Both Snails and Slugs are members of the mollusk phylum and are similar in structure and biology, except slugs lack the snail’s external, spiral shell. These mollusks move by gliding along on a muscular “foot.” This muscle constantly secretes mucus, which facilitates their movement and later dries to form the silvery “slime trail” that signals the presence of either pest.
All land Snails and Slugs are hermaphrodites, so all have the potential to lay eggs. Adult brown garden snails lay an average of 80 spherical, pearly white eggs at a time into a hole in the soil. They can lay eggs up to 6 times a year, and it takes about 2 years for snails to mature. Slugs reach maturity after about 3 to 6 months, depending on the species, and lay clear, oval to round eggs in batches of 3 to 40 beneath leaves, in soil cracks, and in other protected areas.
Snails and slugs are most active at night and on cloudy or foggy days. On sunny days they seek hiding places out of the heat and bright light. Often the only clues to their presence are their silvery trails and plant damage. In areas with mild winters, such as southern coastal locations, snails and slugs can be active throughout the year.
During cold weather, snails and slugs hibernate in the topsoil. During hot, dry periods or when it is cold, snails seal themselves off with a parchment-like membrane and often attach themselves to tree trunks, fences, or walls.
Tips For Control
A good Snail and Slug management program relies on a combination of methods. The first step is to eliminate, as much as possible, all places where they can hide during the day. Boards, stones, debris, weedy areas around tree trunks, leafy branches growing close to the ground, and dense ground covers such as ivy are ideal sheltering spots. It won’t be possible to eliminate some shelters such as low ledges on fences, the undersides of wooden decks, and water meter boxes.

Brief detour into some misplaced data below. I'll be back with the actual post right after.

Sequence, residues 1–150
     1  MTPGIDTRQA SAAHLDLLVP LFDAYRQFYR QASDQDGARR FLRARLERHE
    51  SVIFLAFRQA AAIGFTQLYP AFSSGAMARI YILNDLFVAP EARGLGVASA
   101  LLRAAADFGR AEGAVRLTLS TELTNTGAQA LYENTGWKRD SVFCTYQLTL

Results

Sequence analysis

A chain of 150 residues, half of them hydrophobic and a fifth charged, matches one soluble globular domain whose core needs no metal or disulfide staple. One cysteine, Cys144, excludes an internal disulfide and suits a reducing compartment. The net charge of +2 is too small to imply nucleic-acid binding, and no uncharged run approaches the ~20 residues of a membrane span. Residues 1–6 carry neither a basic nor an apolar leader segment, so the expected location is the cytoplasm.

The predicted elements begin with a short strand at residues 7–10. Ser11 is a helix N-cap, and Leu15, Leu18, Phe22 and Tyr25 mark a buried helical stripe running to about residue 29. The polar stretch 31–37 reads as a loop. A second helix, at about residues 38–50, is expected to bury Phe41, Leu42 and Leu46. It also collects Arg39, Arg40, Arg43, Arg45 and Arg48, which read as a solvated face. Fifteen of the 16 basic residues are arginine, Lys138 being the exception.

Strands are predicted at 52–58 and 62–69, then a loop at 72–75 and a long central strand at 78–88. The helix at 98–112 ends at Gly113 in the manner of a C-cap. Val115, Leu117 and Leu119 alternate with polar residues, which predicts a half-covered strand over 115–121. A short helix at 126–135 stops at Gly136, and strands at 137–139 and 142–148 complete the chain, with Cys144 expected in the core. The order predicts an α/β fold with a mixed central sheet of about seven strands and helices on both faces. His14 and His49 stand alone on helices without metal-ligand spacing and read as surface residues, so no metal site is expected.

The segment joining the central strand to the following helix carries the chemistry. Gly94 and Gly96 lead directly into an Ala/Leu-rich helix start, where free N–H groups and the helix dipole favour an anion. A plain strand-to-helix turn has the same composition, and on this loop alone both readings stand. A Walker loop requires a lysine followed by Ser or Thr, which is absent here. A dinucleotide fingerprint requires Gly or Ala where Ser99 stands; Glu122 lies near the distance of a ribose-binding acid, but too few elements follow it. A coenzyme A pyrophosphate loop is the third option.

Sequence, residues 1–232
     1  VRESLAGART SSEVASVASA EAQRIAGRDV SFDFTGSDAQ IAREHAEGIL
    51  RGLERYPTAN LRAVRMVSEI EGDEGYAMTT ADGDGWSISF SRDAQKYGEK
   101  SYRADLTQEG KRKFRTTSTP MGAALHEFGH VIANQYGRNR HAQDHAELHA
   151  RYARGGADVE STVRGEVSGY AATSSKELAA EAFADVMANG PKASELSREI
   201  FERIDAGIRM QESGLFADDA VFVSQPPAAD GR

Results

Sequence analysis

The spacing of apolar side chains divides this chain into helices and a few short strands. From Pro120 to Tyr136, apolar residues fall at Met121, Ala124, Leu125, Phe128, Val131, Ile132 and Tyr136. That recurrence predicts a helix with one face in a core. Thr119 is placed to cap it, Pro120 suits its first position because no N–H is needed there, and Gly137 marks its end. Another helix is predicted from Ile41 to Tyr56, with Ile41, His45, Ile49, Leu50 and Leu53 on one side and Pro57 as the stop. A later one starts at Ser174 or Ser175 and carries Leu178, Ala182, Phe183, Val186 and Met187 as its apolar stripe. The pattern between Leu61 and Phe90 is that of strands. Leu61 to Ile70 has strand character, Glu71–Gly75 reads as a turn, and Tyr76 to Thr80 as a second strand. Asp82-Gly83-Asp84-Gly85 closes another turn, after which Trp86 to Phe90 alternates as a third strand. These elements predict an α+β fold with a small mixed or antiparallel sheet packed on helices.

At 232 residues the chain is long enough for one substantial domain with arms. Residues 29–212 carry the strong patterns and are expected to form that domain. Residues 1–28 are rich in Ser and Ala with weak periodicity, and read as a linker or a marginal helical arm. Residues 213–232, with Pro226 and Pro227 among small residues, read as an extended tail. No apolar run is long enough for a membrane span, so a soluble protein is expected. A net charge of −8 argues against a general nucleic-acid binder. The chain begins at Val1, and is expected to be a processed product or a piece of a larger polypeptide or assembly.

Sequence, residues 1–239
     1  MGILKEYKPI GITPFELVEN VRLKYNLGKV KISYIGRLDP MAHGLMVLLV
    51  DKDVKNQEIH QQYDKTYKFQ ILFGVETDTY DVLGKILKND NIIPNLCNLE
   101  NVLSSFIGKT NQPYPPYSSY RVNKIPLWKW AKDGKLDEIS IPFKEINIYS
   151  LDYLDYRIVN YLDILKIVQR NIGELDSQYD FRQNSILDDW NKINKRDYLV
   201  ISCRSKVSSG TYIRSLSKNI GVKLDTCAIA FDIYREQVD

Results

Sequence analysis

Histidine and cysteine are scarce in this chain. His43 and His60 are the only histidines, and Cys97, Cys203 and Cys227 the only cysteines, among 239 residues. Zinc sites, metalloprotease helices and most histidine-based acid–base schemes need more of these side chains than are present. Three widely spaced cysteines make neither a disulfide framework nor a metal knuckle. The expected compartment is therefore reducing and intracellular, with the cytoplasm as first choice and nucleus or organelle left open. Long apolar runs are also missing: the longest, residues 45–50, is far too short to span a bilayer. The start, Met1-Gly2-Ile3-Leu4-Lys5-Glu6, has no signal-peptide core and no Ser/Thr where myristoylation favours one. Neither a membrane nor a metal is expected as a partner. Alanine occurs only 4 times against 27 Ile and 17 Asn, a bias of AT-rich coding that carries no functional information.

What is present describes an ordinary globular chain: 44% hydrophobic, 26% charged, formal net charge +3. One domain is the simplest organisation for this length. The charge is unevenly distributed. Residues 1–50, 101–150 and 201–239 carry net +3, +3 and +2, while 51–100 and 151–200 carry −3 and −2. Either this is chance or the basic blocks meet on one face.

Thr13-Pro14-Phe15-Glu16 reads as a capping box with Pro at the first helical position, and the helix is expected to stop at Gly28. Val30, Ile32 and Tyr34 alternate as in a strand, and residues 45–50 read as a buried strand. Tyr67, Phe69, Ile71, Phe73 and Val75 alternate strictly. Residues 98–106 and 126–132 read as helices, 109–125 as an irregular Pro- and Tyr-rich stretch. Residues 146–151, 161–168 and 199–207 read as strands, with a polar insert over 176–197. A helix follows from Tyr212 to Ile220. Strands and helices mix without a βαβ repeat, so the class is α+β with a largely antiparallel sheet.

Plant selection can greatly affect how difficult your battle with snails and slugs will be. Because snails and slugs favor seedlings and plants with succulent foliage, you will need to vigilantly protect these. Some of the plants that these pests will seriously damage include basil, beans, cabbage, dahlia, delphinium, hosta, lettuce, marigolds, strawberries, and many other vegetable plants. On the other hand, many plants resist snail and slug damage including begonias, California poppy, fuchsias, geraniums, impatiens, lantana, nasturtiums, and purple robe cup flower as well as many plants with stiff leaves and highly scented foliage such as lavender, rosemary, and sage. Most ornamental, woody plants, and ornamental grasses also aren’t seriously affected. If you design your landscape using snail and slug resistant plants, you are likely to have very limited damage.
AAI can help you stay on top of your Snail and Slug battle! Talk to your technician the next time he’s out or call our office today to add a Snail and Slug treatment to your regular service. You’ll be glad you did.